The new shipping rules have proved to be a burden to most of the stakeholders and partners in the decisive turnaround that the industry has seen in the past six months and is expected to witness from 1st January 2020 as the deadline for the new grade of bunker fuel kicks in.
A lot of refining companies have set up floating platforms for the replacement of on-board fuel for the Marine container carriers and other maritime vessels the fuel supply is expected to be scarce and patchy outside the main bunkering ports.
Singapore as of date has a large number of oil tankers and supertankers parked in the territorial waters to provide for the immediate relief of larger maritime vessels to converge on the strait of Malacca which is of significant importance to ensure global energy security as a lot of the exports from Asia Pacific nations including India and China pass through from here and a lot of Chinese imports are directed from this strait which is one of the busiest straits in the world.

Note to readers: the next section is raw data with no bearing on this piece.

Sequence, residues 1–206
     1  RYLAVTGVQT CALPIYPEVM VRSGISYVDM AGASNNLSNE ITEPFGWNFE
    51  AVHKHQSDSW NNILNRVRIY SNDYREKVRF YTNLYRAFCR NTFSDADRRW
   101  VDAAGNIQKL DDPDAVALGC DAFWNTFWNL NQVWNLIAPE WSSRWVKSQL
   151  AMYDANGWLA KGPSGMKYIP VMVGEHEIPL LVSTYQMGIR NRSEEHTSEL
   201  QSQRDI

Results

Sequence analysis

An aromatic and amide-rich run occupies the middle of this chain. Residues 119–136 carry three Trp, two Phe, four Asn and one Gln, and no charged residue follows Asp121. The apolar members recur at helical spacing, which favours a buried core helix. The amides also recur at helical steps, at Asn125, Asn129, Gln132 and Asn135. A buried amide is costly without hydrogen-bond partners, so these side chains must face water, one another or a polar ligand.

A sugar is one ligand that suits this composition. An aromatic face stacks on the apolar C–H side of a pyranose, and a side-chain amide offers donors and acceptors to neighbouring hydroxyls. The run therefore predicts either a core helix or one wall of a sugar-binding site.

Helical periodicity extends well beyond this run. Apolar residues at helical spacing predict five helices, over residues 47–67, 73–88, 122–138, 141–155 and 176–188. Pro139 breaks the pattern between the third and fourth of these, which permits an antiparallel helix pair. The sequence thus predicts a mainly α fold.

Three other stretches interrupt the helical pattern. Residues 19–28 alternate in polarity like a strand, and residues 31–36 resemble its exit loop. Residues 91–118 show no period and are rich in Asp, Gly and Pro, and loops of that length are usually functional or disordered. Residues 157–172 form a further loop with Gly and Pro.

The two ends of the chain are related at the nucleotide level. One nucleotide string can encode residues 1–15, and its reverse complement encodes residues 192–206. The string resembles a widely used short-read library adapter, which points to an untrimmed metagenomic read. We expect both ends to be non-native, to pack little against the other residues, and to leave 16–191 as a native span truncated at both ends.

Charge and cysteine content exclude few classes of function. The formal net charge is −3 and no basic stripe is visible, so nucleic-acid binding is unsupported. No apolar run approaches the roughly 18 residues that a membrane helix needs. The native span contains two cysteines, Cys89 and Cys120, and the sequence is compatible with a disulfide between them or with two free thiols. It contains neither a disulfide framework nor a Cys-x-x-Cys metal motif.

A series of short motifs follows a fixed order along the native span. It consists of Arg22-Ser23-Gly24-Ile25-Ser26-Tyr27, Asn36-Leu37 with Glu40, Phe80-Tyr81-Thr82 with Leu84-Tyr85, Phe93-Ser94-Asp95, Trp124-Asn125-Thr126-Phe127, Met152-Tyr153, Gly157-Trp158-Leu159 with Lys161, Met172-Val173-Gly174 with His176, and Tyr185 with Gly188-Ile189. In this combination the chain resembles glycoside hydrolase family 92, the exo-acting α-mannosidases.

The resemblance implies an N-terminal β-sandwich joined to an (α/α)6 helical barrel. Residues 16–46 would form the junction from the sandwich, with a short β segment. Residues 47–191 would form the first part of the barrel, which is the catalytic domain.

The maritime industry believes that the tramp sector will have to suffer the most amidst this chaotic transition from a high-grade Sulphur based fuel to a very low-grade Sulphur based fuel, the International Maritime Organization (IMO) had issued new norms to comply with the environmental pollution targets of the world for the shipping industry to change the fuel in use from 3.5% Sulphur content to 0.5% Sulphur content for which the deadline was set at 31st December 2019, after which the strict scrutiny of the IMO will kick in for all the defaulters involved in the play.
Tags : shipping rules, International Maritime Organization (IMO), Asia Pacific nations, maritime industry ,